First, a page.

Up early the next morning, we climbed back up to the base of the SW ridge of Pollux and ascended that route to the summit.  John and Talley are unusually strong, so we were able to be the first on the route and have it entirely to ourselves until the descent. The climbing is not very technical, but is very exposed in spots and requires great care in foot placements.  The lower portion could be described as scrambling, with a steep section near the top where you climb aboput 40 meters of thick rope that has been fixed on the more difficult rock sections.  This is common in Europe and critical to accommodate the large numbers of climbers that attempt the most popular climbs.

John and Talley finishing the belayed climbing on Pollux.
At the top of the rock climbing section, which we did in 2, 20 meter pitches, there is a nice bolted anchor and great views down the steeper rock section.  We did this with our crampons on.

Talley and John at the top of the rock on Pollux
As you finish the rock climbing section, which comprises about 75% of the climb there is a statue of the Virgin Mary that looks out over Italy.  There is also a nice flat spot where we had a chance to grab a quick snack, take a drink of water, and switch back to short rope mode after belayed pitches below.

John and Talley on the summit of Pollux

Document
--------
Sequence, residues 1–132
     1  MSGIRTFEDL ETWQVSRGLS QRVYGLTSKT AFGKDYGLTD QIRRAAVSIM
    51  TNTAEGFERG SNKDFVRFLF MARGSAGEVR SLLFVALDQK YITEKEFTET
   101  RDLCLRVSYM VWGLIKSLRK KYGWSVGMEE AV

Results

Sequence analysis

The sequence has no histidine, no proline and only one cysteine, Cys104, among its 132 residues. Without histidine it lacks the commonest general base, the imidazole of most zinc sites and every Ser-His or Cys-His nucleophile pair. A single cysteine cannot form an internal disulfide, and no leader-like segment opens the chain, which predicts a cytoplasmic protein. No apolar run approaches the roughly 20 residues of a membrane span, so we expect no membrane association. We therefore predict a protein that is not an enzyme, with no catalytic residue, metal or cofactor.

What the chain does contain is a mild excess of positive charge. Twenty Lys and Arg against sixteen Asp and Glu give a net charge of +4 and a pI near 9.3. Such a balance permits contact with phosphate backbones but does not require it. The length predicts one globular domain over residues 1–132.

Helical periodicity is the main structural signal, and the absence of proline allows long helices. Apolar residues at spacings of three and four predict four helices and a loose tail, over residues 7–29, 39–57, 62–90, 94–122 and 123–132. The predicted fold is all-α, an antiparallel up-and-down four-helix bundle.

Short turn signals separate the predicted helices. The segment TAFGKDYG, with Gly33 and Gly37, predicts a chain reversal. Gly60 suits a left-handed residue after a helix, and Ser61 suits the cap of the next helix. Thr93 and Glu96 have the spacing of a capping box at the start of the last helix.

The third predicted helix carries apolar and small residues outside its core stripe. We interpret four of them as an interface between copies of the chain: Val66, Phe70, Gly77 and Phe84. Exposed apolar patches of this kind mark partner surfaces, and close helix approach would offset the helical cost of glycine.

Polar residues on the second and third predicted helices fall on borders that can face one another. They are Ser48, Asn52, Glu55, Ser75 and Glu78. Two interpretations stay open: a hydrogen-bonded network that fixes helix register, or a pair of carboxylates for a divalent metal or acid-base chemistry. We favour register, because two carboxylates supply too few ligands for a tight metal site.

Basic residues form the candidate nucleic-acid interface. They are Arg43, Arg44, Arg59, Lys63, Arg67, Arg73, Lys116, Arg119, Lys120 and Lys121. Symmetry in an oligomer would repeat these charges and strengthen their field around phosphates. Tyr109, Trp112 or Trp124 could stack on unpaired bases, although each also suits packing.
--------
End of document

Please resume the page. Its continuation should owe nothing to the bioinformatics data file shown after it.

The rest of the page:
We were on top with not a soul in sight and the weather was generally good with light winds and still plenty of sunshine.
WNW Flank of Castor
From the summit of Pollux we could also get a great view of our next objective, the West Northwest Flank of Castor.  While not a technical objective, this climb requires good snow conditions and very delicate cramponing near the top.  Things looked good and we were psyched!


If you look close you can see climbers on the summit of Castor.
The usual route moves in from the center and zig zags up the center of the face before moving left to gain the saddle to the looker's left of the summit.  For some reason people were traversing out right over the ice bulge above the bergschrund and then going up the West Ridge to the summit. 

John and Talley descending the snow ridge from the summit of Pollux.
We headed back down, did a bit of lowering and down climbing and eventually reached the base of the SW ridge again. 

Talley and John gaining the ridge on Castor.